• Can demonstrate exceptional financial need
  • Attend a school that participates in the Perkins Loan program
  • Attend school at least part-time
Students in dire financial straits might be thrilled to qualify for a Perkins Loan. However, it’s important to remember that these are loans, and they must be paid back. Unfortunately, not all recipients of these loans are able to repay them.
Some students go into default on their loans because they can’t find jobs after graduation, but others might take out loans that are just too difficult for them to manage when they finish school.

Source: https://ifap.ed.gov/perkinscdrguide/attachments/1213PerkinsCDR.pdf

default rates perkins loans
Monthly Repayment Amounts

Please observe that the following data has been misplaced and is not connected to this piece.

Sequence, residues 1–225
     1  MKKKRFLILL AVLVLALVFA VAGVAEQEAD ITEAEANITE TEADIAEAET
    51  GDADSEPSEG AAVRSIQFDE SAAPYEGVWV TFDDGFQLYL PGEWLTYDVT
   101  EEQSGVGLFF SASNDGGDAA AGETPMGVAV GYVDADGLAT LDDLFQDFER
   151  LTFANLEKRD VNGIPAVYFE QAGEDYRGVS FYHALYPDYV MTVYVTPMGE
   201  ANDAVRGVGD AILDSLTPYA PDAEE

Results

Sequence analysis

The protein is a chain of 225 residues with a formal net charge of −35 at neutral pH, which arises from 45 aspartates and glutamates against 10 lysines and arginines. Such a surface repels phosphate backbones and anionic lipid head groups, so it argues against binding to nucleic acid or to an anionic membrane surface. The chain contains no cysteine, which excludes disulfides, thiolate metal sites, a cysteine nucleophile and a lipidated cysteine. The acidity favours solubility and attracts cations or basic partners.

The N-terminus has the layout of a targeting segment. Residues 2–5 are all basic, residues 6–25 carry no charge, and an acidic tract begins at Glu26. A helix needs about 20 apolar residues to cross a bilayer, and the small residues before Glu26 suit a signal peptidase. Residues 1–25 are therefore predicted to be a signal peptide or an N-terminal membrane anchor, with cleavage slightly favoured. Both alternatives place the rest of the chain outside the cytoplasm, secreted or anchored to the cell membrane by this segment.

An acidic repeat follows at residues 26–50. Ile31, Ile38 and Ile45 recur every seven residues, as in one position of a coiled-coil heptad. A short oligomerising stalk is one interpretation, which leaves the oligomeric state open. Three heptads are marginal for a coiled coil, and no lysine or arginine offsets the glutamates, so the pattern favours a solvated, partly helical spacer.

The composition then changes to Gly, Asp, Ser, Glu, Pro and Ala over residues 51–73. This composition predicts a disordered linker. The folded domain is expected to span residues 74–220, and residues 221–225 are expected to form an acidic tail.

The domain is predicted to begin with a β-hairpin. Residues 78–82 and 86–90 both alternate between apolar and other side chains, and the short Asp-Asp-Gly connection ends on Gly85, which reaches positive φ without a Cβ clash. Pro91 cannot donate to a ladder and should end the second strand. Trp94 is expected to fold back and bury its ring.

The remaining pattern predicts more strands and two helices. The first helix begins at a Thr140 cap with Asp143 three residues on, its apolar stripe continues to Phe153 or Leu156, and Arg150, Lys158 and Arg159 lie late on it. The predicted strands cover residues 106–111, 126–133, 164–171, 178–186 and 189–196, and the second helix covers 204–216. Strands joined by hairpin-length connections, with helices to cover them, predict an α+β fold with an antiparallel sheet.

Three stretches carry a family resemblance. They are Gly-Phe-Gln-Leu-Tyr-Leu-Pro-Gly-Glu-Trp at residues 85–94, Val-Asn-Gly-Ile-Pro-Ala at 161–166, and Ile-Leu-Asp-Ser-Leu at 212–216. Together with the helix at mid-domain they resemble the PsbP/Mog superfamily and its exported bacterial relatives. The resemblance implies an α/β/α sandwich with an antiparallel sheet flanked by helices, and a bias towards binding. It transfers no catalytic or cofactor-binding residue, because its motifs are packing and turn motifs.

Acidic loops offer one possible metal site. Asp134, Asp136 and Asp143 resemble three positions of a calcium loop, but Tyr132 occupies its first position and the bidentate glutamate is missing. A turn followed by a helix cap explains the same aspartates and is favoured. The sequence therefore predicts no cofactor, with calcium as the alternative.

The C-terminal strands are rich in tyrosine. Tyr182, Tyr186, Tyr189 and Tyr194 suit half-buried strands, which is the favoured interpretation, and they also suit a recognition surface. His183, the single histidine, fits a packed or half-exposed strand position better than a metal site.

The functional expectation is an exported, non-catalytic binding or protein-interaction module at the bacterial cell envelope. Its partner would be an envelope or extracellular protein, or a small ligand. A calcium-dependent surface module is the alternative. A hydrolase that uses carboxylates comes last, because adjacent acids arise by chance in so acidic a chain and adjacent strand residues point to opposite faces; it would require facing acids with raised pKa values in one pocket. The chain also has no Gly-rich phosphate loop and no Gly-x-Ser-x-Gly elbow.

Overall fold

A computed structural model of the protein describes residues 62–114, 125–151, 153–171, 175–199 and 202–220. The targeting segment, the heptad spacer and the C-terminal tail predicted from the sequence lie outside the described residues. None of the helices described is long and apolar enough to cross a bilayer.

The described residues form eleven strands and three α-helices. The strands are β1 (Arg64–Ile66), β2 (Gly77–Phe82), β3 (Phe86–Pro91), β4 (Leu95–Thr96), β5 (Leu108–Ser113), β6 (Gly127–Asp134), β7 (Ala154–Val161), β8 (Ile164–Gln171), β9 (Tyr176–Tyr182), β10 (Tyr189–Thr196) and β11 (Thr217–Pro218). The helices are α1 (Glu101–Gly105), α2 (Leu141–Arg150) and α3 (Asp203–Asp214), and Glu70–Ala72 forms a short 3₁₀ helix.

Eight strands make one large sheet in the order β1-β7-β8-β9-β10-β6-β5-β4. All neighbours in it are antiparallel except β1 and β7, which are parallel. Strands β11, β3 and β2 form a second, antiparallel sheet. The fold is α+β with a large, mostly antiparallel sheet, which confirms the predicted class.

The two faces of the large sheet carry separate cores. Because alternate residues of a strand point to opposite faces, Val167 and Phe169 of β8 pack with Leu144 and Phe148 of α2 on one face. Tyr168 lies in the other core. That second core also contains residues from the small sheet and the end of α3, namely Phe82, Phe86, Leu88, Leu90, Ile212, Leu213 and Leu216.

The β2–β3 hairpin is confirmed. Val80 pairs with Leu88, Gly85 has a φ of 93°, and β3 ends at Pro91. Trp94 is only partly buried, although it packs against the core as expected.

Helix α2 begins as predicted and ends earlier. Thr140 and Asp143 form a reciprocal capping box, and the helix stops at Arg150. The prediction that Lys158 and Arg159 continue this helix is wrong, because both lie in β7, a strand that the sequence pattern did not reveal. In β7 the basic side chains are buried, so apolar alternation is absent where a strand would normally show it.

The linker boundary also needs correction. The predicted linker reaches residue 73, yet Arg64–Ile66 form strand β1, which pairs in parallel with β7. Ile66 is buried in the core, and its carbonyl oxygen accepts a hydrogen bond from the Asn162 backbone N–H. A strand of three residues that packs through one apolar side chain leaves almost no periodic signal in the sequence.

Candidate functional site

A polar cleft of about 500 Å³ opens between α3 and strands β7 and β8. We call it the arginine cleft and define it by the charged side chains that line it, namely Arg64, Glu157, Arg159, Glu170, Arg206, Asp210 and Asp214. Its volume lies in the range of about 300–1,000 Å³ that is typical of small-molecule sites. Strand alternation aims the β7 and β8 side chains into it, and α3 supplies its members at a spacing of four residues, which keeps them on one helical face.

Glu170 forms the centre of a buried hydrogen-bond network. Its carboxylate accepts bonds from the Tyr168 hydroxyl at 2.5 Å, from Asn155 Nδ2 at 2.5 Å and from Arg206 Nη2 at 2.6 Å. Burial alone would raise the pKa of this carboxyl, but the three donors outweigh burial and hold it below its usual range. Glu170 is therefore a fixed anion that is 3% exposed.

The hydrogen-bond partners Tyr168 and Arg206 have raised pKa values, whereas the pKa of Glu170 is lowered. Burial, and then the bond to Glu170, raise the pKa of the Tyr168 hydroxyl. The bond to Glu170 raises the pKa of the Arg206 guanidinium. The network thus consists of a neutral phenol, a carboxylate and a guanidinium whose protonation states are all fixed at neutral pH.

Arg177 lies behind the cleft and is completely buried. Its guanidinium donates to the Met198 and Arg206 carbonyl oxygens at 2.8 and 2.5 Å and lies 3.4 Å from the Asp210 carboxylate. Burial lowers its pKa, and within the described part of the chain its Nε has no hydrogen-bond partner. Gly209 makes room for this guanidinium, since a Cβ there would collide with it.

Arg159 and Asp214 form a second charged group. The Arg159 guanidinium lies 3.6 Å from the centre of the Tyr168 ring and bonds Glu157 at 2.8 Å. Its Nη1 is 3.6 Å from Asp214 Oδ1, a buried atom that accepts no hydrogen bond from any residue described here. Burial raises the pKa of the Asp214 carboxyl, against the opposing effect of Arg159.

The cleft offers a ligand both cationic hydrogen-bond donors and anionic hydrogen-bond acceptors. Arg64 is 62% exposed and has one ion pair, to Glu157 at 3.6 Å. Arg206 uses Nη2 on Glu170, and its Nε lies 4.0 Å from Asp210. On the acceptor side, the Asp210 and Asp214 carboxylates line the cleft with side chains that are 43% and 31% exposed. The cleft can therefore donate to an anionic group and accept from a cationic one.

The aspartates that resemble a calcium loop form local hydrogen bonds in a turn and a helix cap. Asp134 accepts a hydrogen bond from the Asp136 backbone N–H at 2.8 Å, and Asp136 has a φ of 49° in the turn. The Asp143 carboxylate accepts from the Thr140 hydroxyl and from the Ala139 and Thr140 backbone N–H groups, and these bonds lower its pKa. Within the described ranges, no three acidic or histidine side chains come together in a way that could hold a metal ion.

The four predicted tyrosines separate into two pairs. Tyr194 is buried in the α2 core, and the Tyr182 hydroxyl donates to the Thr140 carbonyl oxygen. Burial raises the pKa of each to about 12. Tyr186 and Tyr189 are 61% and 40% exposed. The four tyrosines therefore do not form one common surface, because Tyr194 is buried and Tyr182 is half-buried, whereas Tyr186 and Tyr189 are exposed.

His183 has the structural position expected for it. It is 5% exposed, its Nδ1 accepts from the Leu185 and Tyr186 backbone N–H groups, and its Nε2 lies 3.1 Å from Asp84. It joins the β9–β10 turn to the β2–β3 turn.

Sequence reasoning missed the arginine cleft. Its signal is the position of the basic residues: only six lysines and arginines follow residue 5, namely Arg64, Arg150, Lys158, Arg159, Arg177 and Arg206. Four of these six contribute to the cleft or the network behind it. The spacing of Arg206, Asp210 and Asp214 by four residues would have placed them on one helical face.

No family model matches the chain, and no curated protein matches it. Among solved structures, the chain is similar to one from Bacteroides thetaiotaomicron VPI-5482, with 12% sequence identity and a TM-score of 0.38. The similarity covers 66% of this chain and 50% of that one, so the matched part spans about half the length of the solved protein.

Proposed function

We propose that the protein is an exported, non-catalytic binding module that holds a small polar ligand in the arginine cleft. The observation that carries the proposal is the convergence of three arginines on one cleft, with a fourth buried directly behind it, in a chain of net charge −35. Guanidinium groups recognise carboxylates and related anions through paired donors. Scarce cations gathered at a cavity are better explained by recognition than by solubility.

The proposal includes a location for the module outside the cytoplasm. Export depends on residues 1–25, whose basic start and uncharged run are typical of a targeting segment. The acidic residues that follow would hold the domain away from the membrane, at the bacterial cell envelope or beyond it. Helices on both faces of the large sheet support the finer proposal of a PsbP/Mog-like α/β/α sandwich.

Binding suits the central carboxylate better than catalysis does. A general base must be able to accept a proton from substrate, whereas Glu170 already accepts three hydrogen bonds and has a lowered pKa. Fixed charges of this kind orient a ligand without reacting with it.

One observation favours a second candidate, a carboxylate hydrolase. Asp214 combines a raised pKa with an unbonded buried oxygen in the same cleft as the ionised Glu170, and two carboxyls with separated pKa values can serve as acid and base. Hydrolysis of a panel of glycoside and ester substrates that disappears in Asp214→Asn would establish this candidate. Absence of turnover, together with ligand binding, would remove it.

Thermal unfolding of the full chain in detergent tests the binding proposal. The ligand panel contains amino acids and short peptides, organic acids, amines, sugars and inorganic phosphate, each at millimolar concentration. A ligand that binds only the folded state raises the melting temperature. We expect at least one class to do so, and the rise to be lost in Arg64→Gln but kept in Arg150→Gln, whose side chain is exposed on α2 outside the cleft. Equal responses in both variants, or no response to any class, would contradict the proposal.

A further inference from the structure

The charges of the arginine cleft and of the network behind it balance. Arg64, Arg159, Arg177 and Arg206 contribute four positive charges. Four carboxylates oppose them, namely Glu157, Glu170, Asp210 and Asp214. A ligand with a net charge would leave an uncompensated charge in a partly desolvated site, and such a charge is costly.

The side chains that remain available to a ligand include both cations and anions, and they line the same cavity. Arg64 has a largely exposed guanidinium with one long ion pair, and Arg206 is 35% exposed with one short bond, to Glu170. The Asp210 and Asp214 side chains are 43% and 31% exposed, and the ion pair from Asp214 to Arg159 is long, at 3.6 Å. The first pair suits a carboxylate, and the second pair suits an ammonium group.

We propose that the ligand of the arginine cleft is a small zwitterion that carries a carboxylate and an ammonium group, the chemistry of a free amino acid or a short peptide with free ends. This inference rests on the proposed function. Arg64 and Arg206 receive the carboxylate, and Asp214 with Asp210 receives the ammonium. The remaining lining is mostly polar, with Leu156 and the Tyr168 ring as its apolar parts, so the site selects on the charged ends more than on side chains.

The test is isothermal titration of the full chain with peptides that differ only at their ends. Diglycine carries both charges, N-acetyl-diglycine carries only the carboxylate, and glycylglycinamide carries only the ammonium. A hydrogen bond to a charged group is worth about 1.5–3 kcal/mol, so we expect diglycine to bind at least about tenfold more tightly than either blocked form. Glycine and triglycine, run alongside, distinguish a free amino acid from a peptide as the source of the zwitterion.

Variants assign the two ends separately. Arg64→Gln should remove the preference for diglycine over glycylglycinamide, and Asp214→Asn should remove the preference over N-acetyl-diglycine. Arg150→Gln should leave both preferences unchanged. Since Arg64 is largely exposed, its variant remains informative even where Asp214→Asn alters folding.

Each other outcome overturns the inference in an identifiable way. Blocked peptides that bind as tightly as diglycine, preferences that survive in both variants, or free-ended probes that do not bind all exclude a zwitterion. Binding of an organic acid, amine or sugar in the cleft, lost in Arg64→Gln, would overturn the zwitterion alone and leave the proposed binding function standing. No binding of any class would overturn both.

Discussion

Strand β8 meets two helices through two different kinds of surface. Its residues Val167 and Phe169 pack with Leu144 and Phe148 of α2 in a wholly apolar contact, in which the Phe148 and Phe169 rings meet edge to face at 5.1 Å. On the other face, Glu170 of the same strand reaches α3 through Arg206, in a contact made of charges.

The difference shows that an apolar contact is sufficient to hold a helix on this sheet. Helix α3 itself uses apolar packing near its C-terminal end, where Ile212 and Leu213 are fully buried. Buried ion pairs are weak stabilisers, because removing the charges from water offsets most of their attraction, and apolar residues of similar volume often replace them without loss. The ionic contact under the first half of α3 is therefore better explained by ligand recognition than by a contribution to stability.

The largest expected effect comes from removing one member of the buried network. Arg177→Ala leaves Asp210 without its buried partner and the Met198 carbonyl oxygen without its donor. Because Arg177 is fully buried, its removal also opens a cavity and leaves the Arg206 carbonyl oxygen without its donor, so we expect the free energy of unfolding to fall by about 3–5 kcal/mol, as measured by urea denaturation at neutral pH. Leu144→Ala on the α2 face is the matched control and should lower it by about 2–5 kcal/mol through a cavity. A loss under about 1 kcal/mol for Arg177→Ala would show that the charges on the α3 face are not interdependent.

This sample repayment chart from Pepperdine University demonstrates how much students might be required to pay for their Perkins Loans each month, and it’s easy to see how some of these payments might be difficult to make for the unemployed.

Amount Borrowed Monthly Payment
$7,000 $74.24
$8,500 $90.15
$10,000 $106.06
$12,000 $127.27
$14,000 $148.49

Source: https://seaver.pepperdine.edu/admission/financial-aid/undergraduate/types/loans/perkins-repayment.htm

These are large monthly payments, but the other benefits of Perkins Loans⎯such as the low interest rates and the extended grace period⎯make these loans very borrower-friendly.

Direct Loans

The majority of loans provided by federal sources come through the Direct Loan Program.
new student loans
Source: https://www.newamerica.org/education-policy/policy-explainers/higher-ed-workforce/federal-student-aid/federal-student-loans/

The Direct Loan program is so big because it contains the most popular federal loan options. However, the precise type of loan a student might get is dependent on a student’s demonstrated financial need, and needy students might get loans with slightly more favorable terms.


large-lblue-bulletA Subsidized Direct loan is for a student that has demonstrated a financial need